After doing some digging and a few web searches I discovered the cause of my frustration. The 2D box collider that I was using check if balloons had gone off screen, and if so destroy them, had the same Z value as the balloons. This meant that sometimes the mouse click would register with this box collider rather than with the balloons box collider, thus not triggering the code to pop the balloon. And so with one value change I found myself suddenly becoming a master of balloon popping, a god among mortals, a legend in the making…I’m sure you get the picture, it worked, the game was responsive, it was fixed.

Now that the game felt responsive I moved to implementing the colour target and multiplier, which I then followed with more play tests. It was at this point however, that I started to feel that the game just wasn’t challenging enough, even to the point of it not being much fun. I could just sit and watch balloons go past the screen for as long as I wanted, taking my time to decide which balloon would come to its early demise, without any penalty to the player. It was then that I realised that, even though this was supposed to be just a simple game, it was still missing something vital at its core.

Importance of Urgency

That something was urgency. That music speed increase as the timer runs out in platformers of old, or the quickly approaching obstacles that the player must masterfully align their character to avoid. These simple things create urgency which makes you want to get to the end of a level or tap the screen at just the right moment; this was what my game was lacking. At first I wasn’t sure how I could implement this and still make the game fair and skill based, rather than just random luck. The base mechanic was to spawn balloons of random colour, and the player must then click a balloon of randomly chosen colour. I played around with various ideas, such as having the game end if the player misses a balloon of the required colour. But a lot of the ideas felt too much based on chance rather than the skill of the player.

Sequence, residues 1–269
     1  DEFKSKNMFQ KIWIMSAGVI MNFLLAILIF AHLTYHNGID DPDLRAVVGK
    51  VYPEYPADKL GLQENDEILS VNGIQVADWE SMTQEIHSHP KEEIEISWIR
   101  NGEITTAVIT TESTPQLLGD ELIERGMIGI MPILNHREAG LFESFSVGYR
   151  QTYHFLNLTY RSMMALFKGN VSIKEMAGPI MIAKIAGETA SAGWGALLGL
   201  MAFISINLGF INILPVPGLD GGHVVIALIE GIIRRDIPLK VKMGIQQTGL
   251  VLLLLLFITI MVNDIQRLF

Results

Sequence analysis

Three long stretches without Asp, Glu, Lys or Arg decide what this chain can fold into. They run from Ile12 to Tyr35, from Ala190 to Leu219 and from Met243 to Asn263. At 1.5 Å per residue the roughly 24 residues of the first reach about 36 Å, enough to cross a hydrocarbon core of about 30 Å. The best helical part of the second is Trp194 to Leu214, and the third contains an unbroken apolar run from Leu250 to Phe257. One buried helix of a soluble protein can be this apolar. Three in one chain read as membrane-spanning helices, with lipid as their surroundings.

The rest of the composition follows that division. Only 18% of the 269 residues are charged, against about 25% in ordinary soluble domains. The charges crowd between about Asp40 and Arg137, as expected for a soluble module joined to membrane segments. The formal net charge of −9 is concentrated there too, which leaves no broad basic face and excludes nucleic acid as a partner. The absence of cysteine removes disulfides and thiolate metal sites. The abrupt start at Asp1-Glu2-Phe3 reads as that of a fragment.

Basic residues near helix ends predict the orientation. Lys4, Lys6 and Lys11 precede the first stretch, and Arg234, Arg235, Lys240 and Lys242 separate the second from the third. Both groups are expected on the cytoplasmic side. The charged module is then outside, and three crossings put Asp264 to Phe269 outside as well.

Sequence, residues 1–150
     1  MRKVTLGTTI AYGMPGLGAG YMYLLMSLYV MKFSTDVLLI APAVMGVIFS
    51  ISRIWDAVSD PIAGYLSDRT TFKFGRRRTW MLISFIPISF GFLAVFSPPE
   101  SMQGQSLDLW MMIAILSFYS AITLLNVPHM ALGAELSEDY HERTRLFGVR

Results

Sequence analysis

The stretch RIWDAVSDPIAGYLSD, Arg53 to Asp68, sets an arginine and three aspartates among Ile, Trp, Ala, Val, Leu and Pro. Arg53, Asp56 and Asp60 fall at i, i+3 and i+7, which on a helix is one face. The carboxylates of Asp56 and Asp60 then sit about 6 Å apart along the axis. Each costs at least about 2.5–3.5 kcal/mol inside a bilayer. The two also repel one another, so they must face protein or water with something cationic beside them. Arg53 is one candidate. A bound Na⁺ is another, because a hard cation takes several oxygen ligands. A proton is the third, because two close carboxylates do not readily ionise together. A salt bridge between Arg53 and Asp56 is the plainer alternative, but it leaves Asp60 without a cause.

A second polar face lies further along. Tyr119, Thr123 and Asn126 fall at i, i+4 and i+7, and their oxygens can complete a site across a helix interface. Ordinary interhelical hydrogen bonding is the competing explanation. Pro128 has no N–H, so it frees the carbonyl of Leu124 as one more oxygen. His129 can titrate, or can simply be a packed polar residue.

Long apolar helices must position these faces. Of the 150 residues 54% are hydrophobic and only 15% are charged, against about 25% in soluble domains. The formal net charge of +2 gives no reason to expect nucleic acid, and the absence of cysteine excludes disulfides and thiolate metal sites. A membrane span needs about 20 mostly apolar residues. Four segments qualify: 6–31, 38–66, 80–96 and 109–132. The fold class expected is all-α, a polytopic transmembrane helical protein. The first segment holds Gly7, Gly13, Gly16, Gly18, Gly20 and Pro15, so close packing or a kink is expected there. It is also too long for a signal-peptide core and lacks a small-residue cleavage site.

In the end I settled on the concept of a countdown timer. As the game progresses for every correct balloon popped some extra time is given to the player, whilst if the player clicks on either a wrong colour in haste or the timer reaches zero then it’s game over. Suddenly with this simple addition I found the game had a new lease of life, it was now a race that pitted the player’s accuracy against the clock.

After this I started putting the finishing touches on the game such as UI elements and menu screens, and thankfully this was all easy sailing.

Final thoughts

I learnt a lot from this project, and not just about how Unity works, it also reminded me there are some core concepts of games that can be easily overlooked or misjudged. The importance of difficulty in games is something I feel you learn about quite quickly in game development but urgency was something, at least for me in this instance, I had failed to appreciate the importance of. In the end the game, whilst not perfect (it could probably do with some time tweaking), did serve its purpose, to help me learn to use Unity and to make a simple, and hopefully fun game.


First Unity Project Click ‘n’ PoP Finished

Yesterday I finished Click ‘n’ PoP, my first Unity Project. Below is an overview of the game along with a link to play it in browser, with a standalone download version coming very soon.


About Click ‘n’ PoP

The goal of Click ‘n’ PoP is to simply click on a certain number of balloons of a given colour before time runs out. Each balloon popped gives the player a little bit more time along with increasing their score.

However, as the game progresses it gets harder by increasing the number of balloons on screen, increasing the number of balloons needed to be popped and reduces the time gained from popping a balloon.



You can play Click’n’PoP in supported browsers here.